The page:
User:Rschen7754/Help, my wiki went rogue!
|(English) This is an essay. It expresses the opinions and ideas of some Wikimedians but may not have wide support. This is not policy on Meta, but it may be a policy or guideline on other Wikimedia projects. Feel free to update this page as needed, or use the discussion page to propose major changes.|
Disclaimer: I was a steward from February 2014-March 2015 and have watched stewards perform public actions on Meta for years. But I am no longer a steward and regardless, this is not and would never be an official statement from them.
This essay generally applies to small to medium-sized wikis without an Arbitration Committee, where the entire active administrator team of a wiki can be corrupted, or where a few administrators can intimidate other administrators into submission. It definitely does not apply to big wikis like English Wikipedia.
Getting another perspective
Have you considered that you may have been blocked for legitimate reasons? If you are getting blocked on multiple Wikimedia sites (or even non-Wikimedia sites) - then maybe the problem is you.
But if you have been blocked for legitimate criticism or edits, then read on.
This process could take months, if not years. Please be patient.
Too long; didn't read
Keep in mind that stewards are very busy. Many of them are not native speakers of English. Therefore, your posts requesting for assistance need to be concise, and to the point. Remove anything that is ambiguous or not necessary to make your point.
I cannot emphasize this enough. I believe one of the reasons why Requests for comment/Global ban for Kubura was successful was the clear and concise case that anyone could understand.
Stewards are not a global ArbCom
They aren't, per Stewards policy. They are bound to follow consensus, so stewards are generally reluctant to intervene in local matters.
However, they can intervene in emergency situations, or if there is a global consensus gained through RFC.
Step 1: open a request for comment
Open a request at RFC. Be sure to notify the affected parties as per Requests for comment/Policy. In your request, concisely state the problem and why stewards or the Wikimedia community at large should intervene in the matter.
What if there is no response or very little response from outside parties? Then go to step 2.
If you get no response, don't go open another RFC. This just clogs the system with another request and makes things more difficult for other editors to sort out.
Step 2: make a proposal
Ideally, some other editor who is uninvolved will do this. I would wait at least 1 month. But if not, you may have to do it yourself.
Make a proposal as to what to do, for stewards to carry out. Some tips:
- Make a list rather than using paragraphs
- Only propose the minimum intervention needed to get the wiki back on the right track.
- Look at past proposals (see below) to see what works and what doesn't.
Then, make neutral notifications to places like Wikimedia Forum.
Proposals that generally don't work
- Setting up a local, global, or cross-wiki ArbCom
- Any policy or action relating to content itself
- Appointing administrators from some other wiki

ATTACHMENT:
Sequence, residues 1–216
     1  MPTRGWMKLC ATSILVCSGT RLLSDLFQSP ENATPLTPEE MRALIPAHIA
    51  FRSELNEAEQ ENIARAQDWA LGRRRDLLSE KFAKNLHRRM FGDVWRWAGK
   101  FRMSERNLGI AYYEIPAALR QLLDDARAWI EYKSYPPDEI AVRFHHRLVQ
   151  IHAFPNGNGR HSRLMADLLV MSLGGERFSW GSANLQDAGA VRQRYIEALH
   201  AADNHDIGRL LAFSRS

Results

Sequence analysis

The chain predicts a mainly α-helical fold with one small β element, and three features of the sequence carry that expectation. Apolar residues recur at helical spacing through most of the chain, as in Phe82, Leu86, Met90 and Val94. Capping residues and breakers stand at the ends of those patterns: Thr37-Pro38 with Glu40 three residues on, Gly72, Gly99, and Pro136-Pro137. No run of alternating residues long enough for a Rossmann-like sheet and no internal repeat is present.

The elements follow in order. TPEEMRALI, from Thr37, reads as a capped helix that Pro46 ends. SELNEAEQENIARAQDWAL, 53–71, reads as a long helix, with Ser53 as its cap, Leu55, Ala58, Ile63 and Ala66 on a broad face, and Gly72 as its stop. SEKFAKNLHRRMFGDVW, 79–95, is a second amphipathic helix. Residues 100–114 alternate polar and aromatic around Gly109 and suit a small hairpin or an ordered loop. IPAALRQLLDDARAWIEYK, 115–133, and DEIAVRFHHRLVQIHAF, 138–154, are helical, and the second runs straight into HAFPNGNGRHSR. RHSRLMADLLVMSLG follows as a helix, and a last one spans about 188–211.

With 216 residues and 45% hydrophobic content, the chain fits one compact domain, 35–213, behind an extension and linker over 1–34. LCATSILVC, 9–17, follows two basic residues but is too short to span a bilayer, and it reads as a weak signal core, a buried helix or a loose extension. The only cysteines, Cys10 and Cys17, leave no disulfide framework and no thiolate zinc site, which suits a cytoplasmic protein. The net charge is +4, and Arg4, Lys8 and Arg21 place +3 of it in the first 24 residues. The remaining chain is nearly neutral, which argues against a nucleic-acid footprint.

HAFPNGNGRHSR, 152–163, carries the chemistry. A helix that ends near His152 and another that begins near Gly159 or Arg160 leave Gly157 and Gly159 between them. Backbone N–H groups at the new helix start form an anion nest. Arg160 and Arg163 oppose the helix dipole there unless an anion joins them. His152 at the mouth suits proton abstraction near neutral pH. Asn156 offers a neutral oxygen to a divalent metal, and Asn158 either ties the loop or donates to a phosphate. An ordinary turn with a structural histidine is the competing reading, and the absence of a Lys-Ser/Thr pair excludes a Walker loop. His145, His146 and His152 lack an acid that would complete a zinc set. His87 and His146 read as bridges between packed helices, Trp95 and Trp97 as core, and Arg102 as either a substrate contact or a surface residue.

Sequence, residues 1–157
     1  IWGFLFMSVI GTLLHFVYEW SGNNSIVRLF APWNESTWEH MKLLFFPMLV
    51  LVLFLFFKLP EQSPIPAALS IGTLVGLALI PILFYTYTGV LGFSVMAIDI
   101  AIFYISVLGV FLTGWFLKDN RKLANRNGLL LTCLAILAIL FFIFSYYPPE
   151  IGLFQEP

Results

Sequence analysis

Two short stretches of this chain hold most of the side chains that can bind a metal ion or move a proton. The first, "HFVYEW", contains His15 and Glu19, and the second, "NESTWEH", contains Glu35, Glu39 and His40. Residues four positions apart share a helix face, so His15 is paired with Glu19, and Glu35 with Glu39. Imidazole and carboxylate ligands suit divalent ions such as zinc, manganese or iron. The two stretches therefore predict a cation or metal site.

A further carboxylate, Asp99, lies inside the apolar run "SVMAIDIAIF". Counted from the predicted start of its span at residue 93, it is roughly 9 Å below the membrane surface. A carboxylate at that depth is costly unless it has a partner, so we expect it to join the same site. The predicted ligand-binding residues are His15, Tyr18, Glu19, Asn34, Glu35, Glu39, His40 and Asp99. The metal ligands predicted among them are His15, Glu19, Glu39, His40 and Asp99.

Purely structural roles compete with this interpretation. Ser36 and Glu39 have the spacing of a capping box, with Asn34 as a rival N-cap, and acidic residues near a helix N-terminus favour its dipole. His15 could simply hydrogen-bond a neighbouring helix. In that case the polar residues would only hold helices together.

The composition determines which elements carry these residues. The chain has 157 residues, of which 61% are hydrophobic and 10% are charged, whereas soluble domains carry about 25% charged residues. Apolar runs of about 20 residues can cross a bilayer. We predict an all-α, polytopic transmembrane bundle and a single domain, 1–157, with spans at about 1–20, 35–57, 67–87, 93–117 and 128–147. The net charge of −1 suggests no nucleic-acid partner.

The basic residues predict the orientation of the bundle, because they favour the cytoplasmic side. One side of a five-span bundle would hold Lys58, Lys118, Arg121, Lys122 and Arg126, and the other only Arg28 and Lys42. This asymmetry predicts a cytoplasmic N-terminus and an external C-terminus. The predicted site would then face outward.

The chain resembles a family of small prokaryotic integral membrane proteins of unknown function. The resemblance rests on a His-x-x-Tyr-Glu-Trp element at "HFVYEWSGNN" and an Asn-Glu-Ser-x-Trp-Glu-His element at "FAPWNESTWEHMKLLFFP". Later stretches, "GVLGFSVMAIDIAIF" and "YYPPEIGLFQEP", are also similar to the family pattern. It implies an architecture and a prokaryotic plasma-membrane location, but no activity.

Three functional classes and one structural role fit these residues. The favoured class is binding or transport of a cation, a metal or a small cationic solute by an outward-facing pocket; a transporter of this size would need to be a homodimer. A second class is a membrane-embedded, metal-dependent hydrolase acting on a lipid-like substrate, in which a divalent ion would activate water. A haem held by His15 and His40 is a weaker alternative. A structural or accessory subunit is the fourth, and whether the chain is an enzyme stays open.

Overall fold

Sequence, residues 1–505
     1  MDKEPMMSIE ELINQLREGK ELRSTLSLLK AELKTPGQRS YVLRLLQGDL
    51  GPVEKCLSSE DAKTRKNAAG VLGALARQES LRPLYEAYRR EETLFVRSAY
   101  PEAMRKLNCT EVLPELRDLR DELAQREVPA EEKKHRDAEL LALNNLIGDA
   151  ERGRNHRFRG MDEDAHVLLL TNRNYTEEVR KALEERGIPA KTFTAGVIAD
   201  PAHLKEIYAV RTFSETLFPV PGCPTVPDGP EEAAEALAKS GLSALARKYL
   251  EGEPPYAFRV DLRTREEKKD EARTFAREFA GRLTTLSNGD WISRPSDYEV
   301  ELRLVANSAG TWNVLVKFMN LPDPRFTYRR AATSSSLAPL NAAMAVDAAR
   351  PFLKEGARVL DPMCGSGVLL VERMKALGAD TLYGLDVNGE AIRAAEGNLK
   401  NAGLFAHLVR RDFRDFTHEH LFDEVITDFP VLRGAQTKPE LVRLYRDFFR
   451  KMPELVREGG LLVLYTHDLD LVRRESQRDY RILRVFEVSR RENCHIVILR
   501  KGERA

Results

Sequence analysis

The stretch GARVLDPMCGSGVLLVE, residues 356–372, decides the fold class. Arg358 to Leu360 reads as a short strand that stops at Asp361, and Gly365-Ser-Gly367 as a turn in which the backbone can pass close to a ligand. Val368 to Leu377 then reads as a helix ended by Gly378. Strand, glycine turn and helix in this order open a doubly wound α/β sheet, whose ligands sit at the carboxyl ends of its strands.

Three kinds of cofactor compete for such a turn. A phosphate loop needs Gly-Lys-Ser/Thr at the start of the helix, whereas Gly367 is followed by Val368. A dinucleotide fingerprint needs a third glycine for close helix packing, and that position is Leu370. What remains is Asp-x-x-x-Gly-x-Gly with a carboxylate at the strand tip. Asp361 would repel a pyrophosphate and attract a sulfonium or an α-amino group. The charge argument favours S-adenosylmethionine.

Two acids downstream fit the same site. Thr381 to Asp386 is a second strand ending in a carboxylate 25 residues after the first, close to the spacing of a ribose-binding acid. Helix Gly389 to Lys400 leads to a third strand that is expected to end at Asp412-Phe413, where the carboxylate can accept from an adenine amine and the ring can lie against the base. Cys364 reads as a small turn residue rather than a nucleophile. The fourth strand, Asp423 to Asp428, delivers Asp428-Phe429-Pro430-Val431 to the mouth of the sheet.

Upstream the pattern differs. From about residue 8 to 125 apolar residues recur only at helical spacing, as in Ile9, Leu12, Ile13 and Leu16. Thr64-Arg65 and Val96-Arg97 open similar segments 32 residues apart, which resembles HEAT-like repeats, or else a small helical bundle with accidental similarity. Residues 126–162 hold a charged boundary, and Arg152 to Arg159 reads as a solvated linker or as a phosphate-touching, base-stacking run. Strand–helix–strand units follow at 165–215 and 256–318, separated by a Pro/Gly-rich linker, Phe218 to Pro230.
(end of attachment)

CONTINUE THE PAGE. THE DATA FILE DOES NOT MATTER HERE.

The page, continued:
What will get stewards to desysop someone
Warning: the procedure for an emergency desysop will refer the decision of whether to resysop back to your local bureaucrats. If the administrator is a bureaucrat, those rights will be removed through this process as well.
- Wheel warring, if reported to stewards in a timely manner
- Self-unblocking or anything to that effect (note that self-unblocking is no longer technically possible)
- Blocking someone as a retaliation for a desysop vote or a vote on a Meta RFC; using protection to interfere with a desysop vote
- This can be incredibly hard to prove, however
- In some cases, sockpuppetry on a global scale (especially if it results in global locks)
- In some cases, blocking a global sysop or steward
- Blatant vandalism
- Signs the account was compromised - but this may result in a global lock instead
Note that if the administrator has other rights such as interface admin, bureaucrat, CU, or OS - those rights must also be specified in these processes, or those rights will not be removed. Such removal is not automatic.
- A community vote for an administrator to be desysopped
- If your community does not have official rules on this, stewards will generally look to make sure the vote was in a prominent place, had a decent number of voters, and was at least 50% in support of a desysop
- A proposal to that effect in a Meta RFC that has community consensus
- Your community's local inactivity policy, or AAR if your community does not have one
- A global or WMF ban (because all rights are removed in this scenario)
- Proof that a user is deceased (because all rights are removed in this scenario)
- Obviously, this user won't be the cause of the problems, but it might help in determining why other administrators are non-responsive
- Closing the wiki, if the wiki meets the criteria under CPP
- If the wiki is to a point where the content is completely unusable
These factors will generally be taken into account:
- Temporary administrators can be removed a lot easier than permanent administrators
- Whether a wiki is a global sysop wiki
- Whether a wiki is a content wiki or a test wiki
- Whether there are bureaucrats
- Croatian Wikipedia (multiple RFCs 2013-2020)
- Egyptian Arabic Wikipedia (2020)
- Requests for comment/Do something about azwiki (2019)
- Amharic Wikipedia (2019)
- Stewards' noticeboard/Archives/2015-05#Pashto Wikipedia (2015)
- Requests for comment/Massive sysop abuse in Chechen Wikipedia (2013)
- Requests for comment/Userrights on Hindi Wikipedia (2012)